A Plywood Kitchen and DIY Furniture Gave This Aussie Apartment Life Again
And the sconce that makes it feel like a “holiday in the South of France.”
Updated Oct 12, 2018 3:02 AM
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While everyone else was making sourdough bread during the height of the pandemic, designer and illustrator Ngaio Parr and her husband, Julian, were making coffee tables in their apartment complex’s parking lot. “We apologized to our neighbors ahead of time,” says Parr with a laugh. Because most of the pair’s belongings were in storage (the Australian natives and their Boston terrier, Iggy Pup, were living in Los Angeles pre-COVID but briefly left the States during quarantine), they had to resort to making the furniture for their new quaint apartment on the beach in Burleigh totally from scratch. After renting a jigsaw and buying some camphor laurel wood, Parr did what she’s always done in her career. “When I’m not 100 percent sure how to make something happen, I just give it a go,” she says. “It’s not perfect, but that adds to the look.”
Eager to settle into their new space during lockdown, the couple packed what Parr estimates to be a year and a half’s worth of renovations into six months (it was one of the perks of being home all the time). They ripped out the dated white tiles and carpet throughout and polished the concrete floors underneath them, while the kitchen got a complete gutting—and this was all while Parr was writing and illustrating her first project (coming out this November). “I work best when I have a little too much going on,” she says.
Three different contractors told the couple that it would be impossible to mount floating shelves in the kitchen because of the hollow brick within the walls. “They all said we were crazy,” says Parr, who went ahead and did it anyway (an engineer friend came to check it out and make sure it was stable).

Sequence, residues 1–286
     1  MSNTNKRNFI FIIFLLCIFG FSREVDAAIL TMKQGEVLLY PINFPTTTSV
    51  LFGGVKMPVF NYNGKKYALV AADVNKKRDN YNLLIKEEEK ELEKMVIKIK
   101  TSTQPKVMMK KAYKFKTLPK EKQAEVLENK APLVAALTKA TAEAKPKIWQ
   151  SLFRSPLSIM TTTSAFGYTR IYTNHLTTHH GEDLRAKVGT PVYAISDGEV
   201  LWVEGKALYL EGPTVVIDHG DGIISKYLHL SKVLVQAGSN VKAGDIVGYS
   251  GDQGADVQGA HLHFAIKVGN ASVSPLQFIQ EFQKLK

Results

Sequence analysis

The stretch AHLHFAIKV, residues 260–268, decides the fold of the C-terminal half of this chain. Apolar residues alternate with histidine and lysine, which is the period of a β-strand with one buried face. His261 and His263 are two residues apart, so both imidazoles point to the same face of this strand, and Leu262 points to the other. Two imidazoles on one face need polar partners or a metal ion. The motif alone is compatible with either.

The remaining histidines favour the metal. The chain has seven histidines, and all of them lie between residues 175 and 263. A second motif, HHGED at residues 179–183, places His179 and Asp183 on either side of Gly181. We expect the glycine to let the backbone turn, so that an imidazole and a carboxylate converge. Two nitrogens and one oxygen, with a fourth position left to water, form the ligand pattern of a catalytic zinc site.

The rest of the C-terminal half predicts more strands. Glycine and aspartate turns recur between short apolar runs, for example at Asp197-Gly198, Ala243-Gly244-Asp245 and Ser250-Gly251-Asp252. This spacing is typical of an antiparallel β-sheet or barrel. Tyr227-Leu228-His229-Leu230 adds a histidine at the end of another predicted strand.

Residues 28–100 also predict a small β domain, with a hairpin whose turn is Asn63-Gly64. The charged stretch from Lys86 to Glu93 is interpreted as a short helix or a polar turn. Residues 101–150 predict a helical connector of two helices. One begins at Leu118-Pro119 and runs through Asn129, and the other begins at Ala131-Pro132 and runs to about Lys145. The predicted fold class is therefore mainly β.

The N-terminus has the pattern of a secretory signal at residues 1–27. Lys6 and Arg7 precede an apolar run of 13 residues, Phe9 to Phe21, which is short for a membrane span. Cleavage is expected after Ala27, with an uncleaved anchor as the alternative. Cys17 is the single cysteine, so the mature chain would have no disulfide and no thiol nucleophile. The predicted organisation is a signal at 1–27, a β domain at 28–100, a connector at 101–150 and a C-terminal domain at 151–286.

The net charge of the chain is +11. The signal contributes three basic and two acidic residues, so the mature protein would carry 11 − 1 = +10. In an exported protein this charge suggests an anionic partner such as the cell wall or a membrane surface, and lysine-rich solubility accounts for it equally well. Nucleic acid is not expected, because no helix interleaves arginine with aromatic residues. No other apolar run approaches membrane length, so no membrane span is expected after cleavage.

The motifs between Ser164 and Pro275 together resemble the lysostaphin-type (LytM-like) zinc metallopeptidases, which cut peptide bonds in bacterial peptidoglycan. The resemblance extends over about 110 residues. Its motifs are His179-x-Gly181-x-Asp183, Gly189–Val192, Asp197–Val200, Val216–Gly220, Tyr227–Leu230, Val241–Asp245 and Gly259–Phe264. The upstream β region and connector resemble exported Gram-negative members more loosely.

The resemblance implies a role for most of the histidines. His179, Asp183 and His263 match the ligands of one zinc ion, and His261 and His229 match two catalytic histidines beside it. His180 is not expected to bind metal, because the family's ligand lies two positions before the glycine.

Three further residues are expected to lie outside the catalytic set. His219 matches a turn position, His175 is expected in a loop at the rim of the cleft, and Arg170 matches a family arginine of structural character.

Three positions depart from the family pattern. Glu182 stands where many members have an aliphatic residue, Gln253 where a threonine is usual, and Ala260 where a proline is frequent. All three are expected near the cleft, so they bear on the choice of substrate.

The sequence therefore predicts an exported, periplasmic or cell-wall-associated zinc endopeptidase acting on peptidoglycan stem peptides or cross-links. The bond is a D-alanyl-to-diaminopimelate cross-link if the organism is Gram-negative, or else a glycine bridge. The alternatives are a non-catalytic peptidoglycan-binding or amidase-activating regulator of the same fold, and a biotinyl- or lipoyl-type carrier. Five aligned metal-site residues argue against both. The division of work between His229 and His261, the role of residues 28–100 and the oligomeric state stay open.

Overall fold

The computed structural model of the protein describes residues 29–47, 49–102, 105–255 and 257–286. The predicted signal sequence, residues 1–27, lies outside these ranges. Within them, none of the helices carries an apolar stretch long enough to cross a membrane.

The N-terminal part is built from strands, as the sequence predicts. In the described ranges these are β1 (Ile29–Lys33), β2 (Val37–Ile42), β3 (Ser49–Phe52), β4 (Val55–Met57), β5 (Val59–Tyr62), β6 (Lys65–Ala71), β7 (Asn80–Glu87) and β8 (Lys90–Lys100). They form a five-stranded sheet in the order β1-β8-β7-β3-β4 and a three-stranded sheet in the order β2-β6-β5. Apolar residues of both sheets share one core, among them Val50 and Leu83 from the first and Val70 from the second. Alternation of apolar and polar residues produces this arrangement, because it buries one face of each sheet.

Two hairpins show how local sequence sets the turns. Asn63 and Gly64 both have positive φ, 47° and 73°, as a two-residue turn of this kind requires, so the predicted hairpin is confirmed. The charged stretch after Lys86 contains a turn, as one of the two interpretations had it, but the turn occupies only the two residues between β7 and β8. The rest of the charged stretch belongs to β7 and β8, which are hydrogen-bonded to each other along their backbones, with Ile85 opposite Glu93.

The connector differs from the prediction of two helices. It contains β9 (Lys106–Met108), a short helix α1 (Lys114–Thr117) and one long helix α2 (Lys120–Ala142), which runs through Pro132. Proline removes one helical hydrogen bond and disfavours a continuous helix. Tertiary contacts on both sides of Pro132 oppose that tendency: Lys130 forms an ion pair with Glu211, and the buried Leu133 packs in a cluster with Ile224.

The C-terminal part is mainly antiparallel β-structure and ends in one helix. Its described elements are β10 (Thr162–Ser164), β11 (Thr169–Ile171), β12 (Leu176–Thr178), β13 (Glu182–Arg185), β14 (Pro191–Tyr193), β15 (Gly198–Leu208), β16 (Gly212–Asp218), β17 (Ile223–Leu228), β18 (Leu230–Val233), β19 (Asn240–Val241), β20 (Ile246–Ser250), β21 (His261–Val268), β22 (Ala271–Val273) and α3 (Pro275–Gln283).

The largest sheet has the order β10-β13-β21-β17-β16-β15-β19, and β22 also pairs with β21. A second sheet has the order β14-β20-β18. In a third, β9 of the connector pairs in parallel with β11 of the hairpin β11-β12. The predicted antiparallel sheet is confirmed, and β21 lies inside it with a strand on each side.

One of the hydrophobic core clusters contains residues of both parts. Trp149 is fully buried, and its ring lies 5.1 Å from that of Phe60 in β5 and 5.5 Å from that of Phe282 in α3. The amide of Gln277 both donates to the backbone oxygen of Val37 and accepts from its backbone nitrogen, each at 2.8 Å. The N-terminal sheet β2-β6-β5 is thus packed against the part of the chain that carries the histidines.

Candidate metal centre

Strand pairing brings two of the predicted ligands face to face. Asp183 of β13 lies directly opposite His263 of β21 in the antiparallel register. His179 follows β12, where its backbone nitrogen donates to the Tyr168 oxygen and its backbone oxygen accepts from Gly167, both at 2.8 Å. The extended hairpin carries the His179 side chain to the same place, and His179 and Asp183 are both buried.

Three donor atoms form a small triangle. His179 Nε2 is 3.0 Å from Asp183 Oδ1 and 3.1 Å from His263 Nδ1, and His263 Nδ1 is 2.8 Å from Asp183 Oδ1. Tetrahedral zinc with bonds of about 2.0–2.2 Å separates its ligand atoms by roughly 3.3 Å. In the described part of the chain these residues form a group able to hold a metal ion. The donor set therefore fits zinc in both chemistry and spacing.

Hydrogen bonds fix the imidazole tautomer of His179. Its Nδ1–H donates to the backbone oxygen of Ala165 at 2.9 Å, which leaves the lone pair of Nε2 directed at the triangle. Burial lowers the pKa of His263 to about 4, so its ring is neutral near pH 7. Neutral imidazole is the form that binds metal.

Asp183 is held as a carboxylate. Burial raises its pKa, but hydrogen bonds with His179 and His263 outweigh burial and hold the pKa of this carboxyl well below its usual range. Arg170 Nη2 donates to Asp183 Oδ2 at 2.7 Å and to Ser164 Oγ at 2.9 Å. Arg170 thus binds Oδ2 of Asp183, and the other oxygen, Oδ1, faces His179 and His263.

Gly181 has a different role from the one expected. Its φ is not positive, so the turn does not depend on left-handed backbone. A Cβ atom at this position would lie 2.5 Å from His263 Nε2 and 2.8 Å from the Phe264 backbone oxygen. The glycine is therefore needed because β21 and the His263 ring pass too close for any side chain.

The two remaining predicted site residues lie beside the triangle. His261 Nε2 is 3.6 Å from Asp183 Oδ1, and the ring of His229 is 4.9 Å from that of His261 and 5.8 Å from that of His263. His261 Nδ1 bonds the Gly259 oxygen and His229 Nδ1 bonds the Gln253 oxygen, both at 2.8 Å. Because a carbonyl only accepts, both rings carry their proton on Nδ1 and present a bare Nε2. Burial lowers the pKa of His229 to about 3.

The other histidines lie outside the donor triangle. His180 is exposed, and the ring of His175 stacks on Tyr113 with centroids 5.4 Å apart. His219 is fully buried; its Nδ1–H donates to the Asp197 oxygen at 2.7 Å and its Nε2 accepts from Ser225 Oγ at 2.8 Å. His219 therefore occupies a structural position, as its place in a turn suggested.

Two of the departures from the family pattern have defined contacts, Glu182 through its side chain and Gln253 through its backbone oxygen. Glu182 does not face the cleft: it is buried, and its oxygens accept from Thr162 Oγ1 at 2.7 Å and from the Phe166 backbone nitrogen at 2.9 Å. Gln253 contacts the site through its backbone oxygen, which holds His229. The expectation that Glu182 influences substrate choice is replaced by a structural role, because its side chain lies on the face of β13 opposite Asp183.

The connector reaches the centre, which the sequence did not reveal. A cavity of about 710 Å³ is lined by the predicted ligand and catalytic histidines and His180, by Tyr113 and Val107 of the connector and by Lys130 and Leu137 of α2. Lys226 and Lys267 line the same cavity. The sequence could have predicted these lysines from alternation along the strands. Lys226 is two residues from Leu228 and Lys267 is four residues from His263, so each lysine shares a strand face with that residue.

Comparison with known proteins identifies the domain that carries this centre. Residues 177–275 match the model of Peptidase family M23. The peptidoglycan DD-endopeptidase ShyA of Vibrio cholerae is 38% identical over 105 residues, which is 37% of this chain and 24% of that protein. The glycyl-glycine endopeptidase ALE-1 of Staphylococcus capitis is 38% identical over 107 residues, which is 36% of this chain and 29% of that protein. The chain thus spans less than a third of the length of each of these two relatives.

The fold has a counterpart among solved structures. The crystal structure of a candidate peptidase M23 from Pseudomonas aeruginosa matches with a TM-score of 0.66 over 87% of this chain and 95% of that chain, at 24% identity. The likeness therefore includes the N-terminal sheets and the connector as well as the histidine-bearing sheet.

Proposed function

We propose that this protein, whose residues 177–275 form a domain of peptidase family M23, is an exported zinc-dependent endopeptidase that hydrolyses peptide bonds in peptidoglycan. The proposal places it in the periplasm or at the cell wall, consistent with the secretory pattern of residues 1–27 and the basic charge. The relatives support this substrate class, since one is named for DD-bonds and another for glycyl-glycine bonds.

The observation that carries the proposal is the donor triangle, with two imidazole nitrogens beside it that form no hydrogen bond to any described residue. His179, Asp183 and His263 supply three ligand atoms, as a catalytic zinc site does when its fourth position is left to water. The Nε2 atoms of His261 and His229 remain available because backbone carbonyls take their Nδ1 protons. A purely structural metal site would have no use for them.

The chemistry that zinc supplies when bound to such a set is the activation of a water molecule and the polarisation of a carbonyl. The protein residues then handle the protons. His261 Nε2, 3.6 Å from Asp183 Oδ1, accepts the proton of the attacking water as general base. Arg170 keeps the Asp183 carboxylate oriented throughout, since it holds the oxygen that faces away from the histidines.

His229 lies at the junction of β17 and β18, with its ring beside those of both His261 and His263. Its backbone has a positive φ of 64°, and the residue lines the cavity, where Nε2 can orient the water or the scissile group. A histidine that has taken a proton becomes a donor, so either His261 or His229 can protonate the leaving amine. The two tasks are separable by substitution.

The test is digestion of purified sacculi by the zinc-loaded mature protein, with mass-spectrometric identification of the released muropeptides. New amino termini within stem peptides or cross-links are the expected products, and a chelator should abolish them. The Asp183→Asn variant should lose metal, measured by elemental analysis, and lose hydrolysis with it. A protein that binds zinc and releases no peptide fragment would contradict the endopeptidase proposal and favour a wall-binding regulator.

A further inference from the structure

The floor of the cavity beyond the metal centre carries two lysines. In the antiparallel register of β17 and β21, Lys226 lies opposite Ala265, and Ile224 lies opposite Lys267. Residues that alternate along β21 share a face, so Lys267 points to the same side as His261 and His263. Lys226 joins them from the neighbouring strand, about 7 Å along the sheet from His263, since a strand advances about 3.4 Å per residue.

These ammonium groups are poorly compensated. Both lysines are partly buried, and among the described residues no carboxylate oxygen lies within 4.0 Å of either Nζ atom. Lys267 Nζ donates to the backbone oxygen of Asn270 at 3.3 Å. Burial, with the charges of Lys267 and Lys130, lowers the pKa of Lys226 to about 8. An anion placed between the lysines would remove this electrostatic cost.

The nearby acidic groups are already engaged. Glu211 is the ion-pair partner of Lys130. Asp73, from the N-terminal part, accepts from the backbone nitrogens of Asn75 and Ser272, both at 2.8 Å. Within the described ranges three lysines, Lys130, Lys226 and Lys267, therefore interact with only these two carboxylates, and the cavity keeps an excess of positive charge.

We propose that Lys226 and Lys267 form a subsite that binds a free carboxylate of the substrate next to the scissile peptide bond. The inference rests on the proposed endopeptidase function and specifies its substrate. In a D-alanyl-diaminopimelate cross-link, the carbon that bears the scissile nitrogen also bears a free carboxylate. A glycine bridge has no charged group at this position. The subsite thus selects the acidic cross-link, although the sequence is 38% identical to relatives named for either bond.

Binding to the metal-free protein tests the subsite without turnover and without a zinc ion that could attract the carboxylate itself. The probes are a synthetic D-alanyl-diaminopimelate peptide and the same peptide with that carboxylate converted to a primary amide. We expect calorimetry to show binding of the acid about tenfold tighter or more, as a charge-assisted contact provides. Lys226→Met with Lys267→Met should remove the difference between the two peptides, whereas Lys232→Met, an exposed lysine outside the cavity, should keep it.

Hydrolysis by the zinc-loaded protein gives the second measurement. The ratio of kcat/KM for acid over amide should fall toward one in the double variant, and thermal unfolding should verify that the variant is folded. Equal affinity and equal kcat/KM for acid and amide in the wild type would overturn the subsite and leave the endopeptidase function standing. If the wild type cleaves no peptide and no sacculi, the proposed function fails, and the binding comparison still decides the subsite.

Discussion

Fresh plywood cabinet fronts (the frames are IKEA) and matte-yet-almost-translucent white Corian countertops brightened up the U-shaped space. The latter addition was by far their biggest investment for the whole apartment. “But the texture and color really make the kitchen look more approachable and warm,” notes Parr.
Elsewhere the walls are concrete, posing yet another challenge (this time with lighting). The fixture in the living room was in an awkward position on the surface, but the couple couldn’t afford to shift all the wiring, so they simply swapped out the old sconce for a new custom plaster one by Anna Charlesworth that’s made completely by hand. “It makes me feel like I’m holidaying in the South of France,” Parr says of its warm glow.
The tiered coffee table setup wasn’t the only furniture project the pair worked into their remodeling plans. They took leftover planks used for the kitchen shelves and turned them into a bench (the base is painted breeze blocks). It’s the perfect perch for Parr’s greenery collection, which spans spotted begonia to fishtail cactus, a variety that flowers once a year at the same time, no matter where it is in the world. “The flower is nearly the size of a dinner plate. It smells so strong and it only lasts for a day, then it dies,” she says.
Nearby there’s a dining table they constructed out of Laminex. The catch was, that specific muted blue shade was only available through the manufacturer in Melbourne (more than 2,000 miles away). Parr could have gone with a more readily available hue but decided to spend more on shipping to get it right. “That blue is why the table works,” she says.
The bedroom window treatments are another one-of-a-kind creation—and an all-around clever solution for an awkwardly placed window that reaches the ceiling. “We couldn’t put up a curtain rod,” she says. The single panel has little ties on the sides so it can roll up and loop onto hooks when they want to let light in.
The Donald Judd–esque desk (it’s IKEA) was Parr’s home base in between DIYs, where she worked on her fortnightly recommendations newsletter, Some Things, and her first-ever publication, The Grief Companion (a modern illustrated deck of cards that provides gentle guidance, support, and knowledge for those navigating loss). “If you pop up, you can see the water in the mirror from the desk,” she says. When her arms were sore from mounting shelves or writing, she’d opt for a well-deserved surf break.
Photography by Anna Hutchcroft